02.08.2017 12:14 PM

Hey, Donald? You want access to what I say?

Apparently:

People who want to visit the United States could be asked to hand over their social-media passwords to officials as part of enhanced security checks, the country’s top domestic security chief said.

Homeland Security Secretary John Kelly told Congress on Tuesday the measure was one of several being considered to vet refugees and visa applicants from seven Muslim-majority countries.

“We want to get on their social media, with passwords: What do you do, what do you say?” he told the House Homeland Security Committee. “If they don’t want to cooperate then you don’t come in.”

Well, how’s this: in the event I go back to the U.S. anytime soon, you’re welcome to go through all of my musings on Facebook, Twitter and this wee web site.  All of it. Knock yourself out. Because what I say privately is what I say publicly: you are a racist, sexist, fascistic creep.

P.S. Barring me would send my billable rate through the roof, by the way.  Want a percentage?

8 Comments

  1. the salamander horde says:

    .. have already suggested via several modes of social media.. I might never set foot in the USA again.. but may look down from 30,000 feet enroute to the Turks & Caicos Islands at the missing Kentucky mountaintops, Niagara Falls, South Carolina etc.. and wonder how it all went so wrong.. Lead poisoning? Mercury & Mad Hatter disease? Russian chem trails?

  2. Curt says:

    Gord,
    My wife and I noted that last week when we were surfing through the TV channels and stopped at Border Security. They asked and got the password from a lady who had just lied to them.

  3. Miles Lunn says:

    It is the same here in Canada too, although as a Canadian citizen I cannot be refused entry and they cannot imprison me for having an opinion they don’t like. Since I am not a US citizen and entering the country is a privilege they do have the right to refuse my entry based on this although it would look really bad. That being said I am not too worried since as long as I am doing nothing illegal there is really nothing to worry about. And yes I also agree with what you said about Trump. That doesn’t mean I hate the United States, after all I actually liked their past president and since presidents come and go probably most people including most Americans will have one somewhere along the line they hate. I also disapprove of Trudeau, although I don’t hate it, I just feel that he lacks the proper fiscal discipline we need from a PM.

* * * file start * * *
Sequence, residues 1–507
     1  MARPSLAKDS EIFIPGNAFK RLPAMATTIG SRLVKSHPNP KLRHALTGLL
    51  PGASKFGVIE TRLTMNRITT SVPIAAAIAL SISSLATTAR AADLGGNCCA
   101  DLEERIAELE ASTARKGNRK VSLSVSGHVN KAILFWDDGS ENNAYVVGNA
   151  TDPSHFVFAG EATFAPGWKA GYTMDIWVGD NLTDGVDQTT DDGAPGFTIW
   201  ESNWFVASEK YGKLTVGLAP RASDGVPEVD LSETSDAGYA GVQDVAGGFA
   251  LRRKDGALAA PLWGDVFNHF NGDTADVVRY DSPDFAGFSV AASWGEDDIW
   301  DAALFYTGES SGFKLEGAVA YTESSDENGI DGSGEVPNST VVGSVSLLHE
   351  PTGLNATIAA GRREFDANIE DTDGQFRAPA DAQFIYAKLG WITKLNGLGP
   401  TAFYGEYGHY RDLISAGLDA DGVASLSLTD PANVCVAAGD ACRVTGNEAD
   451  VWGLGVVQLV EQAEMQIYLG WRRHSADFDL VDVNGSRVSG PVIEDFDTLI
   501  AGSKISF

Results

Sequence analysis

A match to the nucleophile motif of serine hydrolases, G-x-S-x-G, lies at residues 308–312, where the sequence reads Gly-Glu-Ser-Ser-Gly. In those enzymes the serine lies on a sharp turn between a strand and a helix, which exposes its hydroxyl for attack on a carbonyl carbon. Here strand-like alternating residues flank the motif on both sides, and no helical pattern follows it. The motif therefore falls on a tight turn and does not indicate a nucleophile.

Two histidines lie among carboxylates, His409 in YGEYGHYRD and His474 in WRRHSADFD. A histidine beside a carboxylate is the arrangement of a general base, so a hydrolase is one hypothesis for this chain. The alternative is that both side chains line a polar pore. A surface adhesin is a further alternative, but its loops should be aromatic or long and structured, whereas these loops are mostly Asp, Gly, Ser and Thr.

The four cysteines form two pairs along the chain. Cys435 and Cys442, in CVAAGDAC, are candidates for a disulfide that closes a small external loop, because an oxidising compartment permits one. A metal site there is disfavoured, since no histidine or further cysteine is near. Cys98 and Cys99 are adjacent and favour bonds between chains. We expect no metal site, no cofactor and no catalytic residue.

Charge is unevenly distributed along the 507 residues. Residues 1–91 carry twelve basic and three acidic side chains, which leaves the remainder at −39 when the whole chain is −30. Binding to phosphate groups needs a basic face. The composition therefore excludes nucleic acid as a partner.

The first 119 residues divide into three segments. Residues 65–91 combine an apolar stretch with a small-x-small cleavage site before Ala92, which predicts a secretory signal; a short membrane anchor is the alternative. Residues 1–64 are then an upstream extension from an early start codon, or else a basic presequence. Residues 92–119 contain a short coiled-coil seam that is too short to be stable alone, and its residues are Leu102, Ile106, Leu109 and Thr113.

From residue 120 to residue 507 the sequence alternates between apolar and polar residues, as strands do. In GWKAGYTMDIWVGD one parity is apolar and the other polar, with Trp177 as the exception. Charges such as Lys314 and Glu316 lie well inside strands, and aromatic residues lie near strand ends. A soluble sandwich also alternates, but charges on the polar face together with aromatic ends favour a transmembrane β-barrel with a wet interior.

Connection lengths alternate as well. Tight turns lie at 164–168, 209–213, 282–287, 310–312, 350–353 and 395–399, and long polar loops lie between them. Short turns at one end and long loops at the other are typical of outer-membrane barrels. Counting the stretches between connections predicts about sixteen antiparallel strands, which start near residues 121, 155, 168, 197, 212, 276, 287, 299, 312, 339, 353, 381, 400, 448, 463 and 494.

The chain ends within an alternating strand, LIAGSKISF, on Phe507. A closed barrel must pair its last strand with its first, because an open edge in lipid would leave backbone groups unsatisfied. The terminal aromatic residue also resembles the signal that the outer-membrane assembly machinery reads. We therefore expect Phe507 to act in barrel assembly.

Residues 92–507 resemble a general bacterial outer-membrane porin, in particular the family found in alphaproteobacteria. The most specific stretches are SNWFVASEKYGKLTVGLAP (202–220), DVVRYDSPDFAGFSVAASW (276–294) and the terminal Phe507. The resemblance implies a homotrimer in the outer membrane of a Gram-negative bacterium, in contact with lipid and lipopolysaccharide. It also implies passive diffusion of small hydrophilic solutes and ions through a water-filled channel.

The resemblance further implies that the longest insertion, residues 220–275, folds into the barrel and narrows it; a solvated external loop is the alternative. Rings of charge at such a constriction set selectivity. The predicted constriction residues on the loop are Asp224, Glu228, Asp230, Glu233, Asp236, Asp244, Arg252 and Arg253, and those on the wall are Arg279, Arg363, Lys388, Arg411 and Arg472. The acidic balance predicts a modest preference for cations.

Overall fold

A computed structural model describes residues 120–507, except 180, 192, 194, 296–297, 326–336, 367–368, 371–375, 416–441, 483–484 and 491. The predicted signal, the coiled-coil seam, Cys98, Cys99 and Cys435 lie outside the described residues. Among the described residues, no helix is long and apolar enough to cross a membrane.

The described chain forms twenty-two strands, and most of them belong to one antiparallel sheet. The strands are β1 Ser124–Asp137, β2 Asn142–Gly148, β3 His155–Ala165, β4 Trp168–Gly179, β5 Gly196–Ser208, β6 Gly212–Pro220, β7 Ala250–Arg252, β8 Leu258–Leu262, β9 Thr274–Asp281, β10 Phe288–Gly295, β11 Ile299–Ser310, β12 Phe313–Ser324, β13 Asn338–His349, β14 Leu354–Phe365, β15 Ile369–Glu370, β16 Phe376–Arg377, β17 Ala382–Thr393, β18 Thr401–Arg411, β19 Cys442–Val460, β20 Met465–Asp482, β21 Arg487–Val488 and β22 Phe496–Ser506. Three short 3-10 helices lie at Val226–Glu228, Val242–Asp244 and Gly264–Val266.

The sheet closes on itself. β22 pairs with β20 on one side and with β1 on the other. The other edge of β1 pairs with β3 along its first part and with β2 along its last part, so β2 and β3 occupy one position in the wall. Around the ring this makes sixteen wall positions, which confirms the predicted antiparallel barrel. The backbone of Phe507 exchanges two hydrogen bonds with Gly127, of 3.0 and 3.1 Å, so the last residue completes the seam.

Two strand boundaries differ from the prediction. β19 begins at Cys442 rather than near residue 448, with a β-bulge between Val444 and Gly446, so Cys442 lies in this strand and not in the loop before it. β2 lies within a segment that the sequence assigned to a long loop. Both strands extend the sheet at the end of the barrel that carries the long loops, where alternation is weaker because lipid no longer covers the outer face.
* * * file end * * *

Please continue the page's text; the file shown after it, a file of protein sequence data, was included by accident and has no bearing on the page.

• Ronald O'Dowd says:

      Miles,

      Don’t make the mistake of telling CBP if you ever smoked pot.

      • Miles Lunn says:

        I actually haven’t ever smoked marijuana and don’t plan on even when legalized so I don’t have to worry about lying there although I have heard that they can ban you if you admit to trying it even if done legally.

  4. Ronald O'Dowd says:

    Warren,

    CBSA already examines personal laptops.

    I’m just astonished that the All-HEncompassing-Mind (AHEM)doesn’t automatically already know all of our passwords. Maybe that’s part of making America Great Again.

  5. Peter says:

    Because what I say privately is what I say publicly

    But in the age of social media, the difference is disappearing. One of the problems with this relentless focus on Trump the person is that more general concerns about the surveillance society are subsumed in the heated “Evil Donald” narrative. If in the past you had expressed the same thoughts on a sitting president privately with the same relentless gusto you do here, you might well have been banned, except they wouldn’t have known about it. But today we leave a permanent record. It’s become quite common in court cases for entire e-mail and Facebook records to be subpoenaed and reviewed, often with disturbing results. Employers have the right to compel access to your social media accounts and sanction criticism of them or even generally embarrassing posts. Do we really think it’s just a Trump outrage that U.S. security services are doing likewise and that Clinton would have welcomed “constructive” criticism from foreigners? Isn’t it a bit ironic that you just did a post on how comforting it is to know Trump is leaving a record of all his thoughts and motivations for courts to review?

    The problem started when we bought into all the promotional pabulum of guys like Gates and Zuckerberg about how the internet and social media would let us “connect”, exchange perspectives in a civilized and respectful way and gradually bring us all together. We didn’t foresee how modern politics would descend into Twitter wars with everybody trading insults and goring sacred cows back and forth in 140 characters or less. And we were having much too much fun to notice how excited Big Brother was about it too.

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